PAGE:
Today, in an astonishing move, Sony CEO Nobuyuki Idei, has stepped aside and the consumer electronics giant has promoted former head of Sony Corporation of America Howard Stringer to the position of chairman and chief executive officer. Stringer has one heck of a task in front of him, however, because Sony hasn’t been doing very well in the last few years and this year looks like another one where they’ll be using more red ink than black ink in their financials.
There are a lot of challenges facing Stringer in his new position, but perhaps he’s open to some friendly advice…
- Proprietary Interfaces are Dinosaurs — every time Sony has released a product in the last few years it has had either a proprietary implementation of an open design or a completely proprietary core technology. For years, Sony has been selling digital cameras, for example, that use its proprietary, expensive, and hard-to-find “Memory Stick” rather than the more common digital memory formats. Customers haven’t been impressed.
- Technological Leadership Is Vital — The industry-creating Walkman series should have been extended to include MP3 players years ago. Sony just missed the boat on this completely, and Apple now has a commanding lead with its phenomenally popular iPod players.
- The Film Industry Is Too Volatile To Retain — The logic was sensible: buy Metro-Goldwyn-Mayer and the company would have the full circle of media production, distribution and playback. Problem is that the world changed during this time, peer-to-peer showed up, people started renting films from online sites like Netflix, and, well, that archive of great movies suddenly wasn’t worth as much as expected. Worse, the film industry is terribly fickle and even with video distribution and foreign releases, the fact is that MGM hasn’t had too many hit movies in the last few years other than Spiderman.You can’t rely on hit movies to boost profits!
- Only Packaging and Marketing Matters — the consumer electronics industry has been revolutionized by manufacturing outsourcing in a way that few other industries have seen, and no major corporation should be designing its own chips, producing its own LCD panels, assembling its own products. Modern consumer electronics is all about style, innovation and marketing. Apple Computer gets it. Dell gets it. HP doesn’t. And, of course, Sony doesn’t. Jettison the chip making business, Mr. Stringer.
- Your Competitors are Always Changing — as recently as a decade ago, no-one would have viewed the Koreans as serious competition to the Japanese leadership of the consumer electronics industry, but Samsung has proven a nimble competitor. And in Japan, Sharp and Matsushita Electric (Panasonic to you and me) are drinking Sony’s tea, while Sony flails. Instead of sitting on your laurels, it’s time for Sony to identify a smarter senior management team.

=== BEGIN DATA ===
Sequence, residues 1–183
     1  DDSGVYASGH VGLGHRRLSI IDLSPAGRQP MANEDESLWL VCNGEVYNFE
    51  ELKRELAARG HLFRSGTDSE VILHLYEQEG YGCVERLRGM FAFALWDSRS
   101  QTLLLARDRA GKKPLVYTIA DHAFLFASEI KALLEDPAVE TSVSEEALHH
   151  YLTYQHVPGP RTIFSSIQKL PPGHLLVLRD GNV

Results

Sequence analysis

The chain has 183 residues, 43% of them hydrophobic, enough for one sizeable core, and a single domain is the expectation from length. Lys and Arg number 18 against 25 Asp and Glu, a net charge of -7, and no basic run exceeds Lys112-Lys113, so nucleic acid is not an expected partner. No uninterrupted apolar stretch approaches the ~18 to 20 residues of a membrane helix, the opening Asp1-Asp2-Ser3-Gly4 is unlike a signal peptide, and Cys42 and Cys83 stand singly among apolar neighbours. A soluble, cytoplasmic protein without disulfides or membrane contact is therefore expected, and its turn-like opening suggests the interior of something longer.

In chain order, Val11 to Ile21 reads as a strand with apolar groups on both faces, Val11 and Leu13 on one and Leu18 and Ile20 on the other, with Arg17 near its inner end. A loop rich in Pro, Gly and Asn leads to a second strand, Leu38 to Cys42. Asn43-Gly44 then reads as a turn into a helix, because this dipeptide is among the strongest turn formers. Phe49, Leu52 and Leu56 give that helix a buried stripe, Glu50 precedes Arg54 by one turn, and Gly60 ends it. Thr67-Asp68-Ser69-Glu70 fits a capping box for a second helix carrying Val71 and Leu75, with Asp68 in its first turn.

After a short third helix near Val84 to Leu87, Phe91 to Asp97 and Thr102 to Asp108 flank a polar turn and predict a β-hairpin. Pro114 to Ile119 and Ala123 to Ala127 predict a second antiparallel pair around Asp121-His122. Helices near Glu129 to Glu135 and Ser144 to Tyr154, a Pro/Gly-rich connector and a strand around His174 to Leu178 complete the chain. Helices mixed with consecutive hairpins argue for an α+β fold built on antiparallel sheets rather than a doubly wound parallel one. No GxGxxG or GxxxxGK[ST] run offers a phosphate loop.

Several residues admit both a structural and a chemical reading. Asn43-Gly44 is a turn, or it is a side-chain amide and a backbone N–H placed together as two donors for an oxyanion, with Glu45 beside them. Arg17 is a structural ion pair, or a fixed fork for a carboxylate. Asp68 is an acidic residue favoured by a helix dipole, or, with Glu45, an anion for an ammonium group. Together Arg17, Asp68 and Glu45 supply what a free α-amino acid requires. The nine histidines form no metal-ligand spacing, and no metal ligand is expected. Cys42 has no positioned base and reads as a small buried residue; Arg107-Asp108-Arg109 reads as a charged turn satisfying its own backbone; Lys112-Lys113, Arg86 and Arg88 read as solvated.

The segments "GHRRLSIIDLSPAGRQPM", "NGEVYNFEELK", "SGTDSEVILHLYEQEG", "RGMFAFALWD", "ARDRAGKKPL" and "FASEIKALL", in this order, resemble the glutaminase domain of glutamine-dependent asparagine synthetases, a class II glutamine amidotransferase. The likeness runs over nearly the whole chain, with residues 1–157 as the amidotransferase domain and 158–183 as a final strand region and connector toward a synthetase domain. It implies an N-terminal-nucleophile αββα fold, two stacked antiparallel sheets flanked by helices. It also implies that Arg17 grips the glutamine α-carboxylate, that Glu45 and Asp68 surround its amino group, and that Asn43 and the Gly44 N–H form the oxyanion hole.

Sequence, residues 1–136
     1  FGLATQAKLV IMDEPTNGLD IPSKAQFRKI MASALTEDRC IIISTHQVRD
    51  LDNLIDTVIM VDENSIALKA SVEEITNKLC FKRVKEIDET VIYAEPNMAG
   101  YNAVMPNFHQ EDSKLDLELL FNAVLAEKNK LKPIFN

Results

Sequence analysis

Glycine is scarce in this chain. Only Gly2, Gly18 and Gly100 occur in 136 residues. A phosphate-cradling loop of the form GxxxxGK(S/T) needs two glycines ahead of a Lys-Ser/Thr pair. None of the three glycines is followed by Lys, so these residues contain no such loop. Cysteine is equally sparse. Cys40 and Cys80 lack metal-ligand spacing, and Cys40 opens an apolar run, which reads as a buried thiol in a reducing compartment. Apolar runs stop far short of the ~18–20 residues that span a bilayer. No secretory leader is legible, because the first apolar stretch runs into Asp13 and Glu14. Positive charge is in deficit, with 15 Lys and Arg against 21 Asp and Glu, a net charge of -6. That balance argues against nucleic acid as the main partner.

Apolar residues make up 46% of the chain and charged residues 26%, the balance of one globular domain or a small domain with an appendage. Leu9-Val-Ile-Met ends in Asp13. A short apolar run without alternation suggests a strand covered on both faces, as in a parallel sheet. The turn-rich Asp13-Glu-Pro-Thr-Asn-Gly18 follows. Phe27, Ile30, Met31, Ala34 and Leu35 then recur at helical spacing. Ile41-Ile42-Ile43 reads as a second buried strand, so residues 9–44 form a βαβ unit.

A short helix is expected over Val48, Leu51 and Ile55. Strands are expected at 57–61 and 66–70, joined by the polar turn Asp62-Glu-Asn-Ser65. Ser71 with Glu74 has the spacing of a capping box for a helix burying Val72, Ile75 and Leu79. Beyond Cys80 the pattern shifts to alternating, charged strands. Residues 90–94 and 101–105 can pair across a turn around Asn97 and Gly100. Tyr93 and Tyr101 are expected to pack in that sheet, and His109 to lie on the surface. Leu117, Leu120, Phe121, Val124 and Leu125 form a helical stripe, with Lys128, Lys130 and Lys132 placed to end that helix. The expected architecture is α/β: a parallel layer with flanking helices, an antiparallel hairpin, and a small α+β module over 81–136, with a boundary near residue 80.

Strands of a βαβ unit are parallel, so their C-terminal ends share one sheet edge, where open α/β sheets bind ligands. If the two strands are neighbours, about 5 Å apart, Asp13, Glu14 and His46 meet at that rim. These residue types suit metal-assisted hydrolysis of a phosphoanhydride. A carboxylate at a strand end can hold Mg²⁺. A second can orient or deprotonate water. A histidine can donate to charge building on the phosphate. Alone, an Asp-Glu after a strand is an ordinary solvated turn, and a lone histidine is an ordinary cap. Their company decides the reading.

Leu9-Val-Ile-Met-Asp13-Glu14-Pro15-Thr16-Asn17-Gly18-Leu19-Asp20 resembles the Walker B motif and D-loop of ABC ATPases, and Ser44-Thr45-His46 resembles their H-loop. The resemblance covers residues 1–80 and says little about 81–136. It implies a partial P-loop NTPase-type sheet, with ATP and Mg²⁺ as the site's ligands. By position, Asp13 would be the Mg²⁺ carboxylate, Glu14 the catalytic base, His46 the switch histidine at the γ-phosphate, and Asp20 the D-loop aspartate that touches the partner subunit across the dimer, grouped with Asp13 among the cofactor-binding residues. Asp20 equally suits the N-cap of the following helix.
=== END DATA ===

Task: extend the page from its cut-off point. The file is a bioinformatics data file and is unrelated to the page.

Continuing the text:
- The Playstation Is a Winner, Leverage It — The reports I’ve read indicate that Playstation inventor Ken Kutaragi has resigned from the Board of Directors and is losing his position as executive in charge of semiconductor and home electronics. This sure seems like a bad strategic move to me. Instead of pushing Kutaragi-san out of the company, leverage his expertise and design genius to apply some of the Playstation magic to the rest of the Sony product line. Imagine a TV that enabled customers to dock their cameras or media players and view data on the big screen or stream data onto their small units. Imagine a Wi-Fi friendly family of electronics, wireless Playstations, and … well, the possibilities are endless, but success will come from creative thinking, not pulling Kutaragi away from home electronics and giving him just the game division.
- Personal Computers as a Business Sector is Dead — IBM has figured it out and is selling its PC division to a Chinese manufacturing corporation. The straw that broke the proverbial camel’s back at HP was former CEO Carly Fiorina saddling the successful printer division with its failing PC division after the terrible Compaq acquisition. Dell gets it with its focus on customization and cost-per-unit. Gateway doesn’t get it and is dying. Sony doesn’t seem to get it and their units are marginalized and very rarely spotted in technical circles. Let PCs go.
To be fair, former CEO Nobuyuki Idei did start moving the company in the right direction with his leadership of Sony’s three year major restructuring effort, but the focus is wrong. Aimed at reducing fixed costs by over $3 billion by “rationalizing” production, streamlining procurement and cutting jobs, Sony should instead be focusing on regaining its leadership position and creating world-class products. Cutting costs is a result of reinventing a company, not a goal. Mr. Stringer, this is your chance to fix this error.
Overall, I’m enthused. I used to look to Sony Corporation for innovation in consumer electronics and for years swore by their state-of-the-art Trinitron televisions, but now I look around my home and find that I have no Sony products at all. Toshiba TVs, Apple computers, Denon stereo gear, Nikon cameras, and an Apple iPod. Not a single Sony logo in sight.
It’s time to turn that around, Howard. Resist the urge to think of Sony as an entertainment company — even though that’s your background as a former CBS executive — and reinvent one of the best consumer electronics brands in the world. Bring out world-class products, competitively priced and marketed using 21st century techniques (e.g., online!) and everything will be coming up roses.
Further reading: BusinessWeek, Reuters Newswire, Financial Times and Sony Corporation Financials.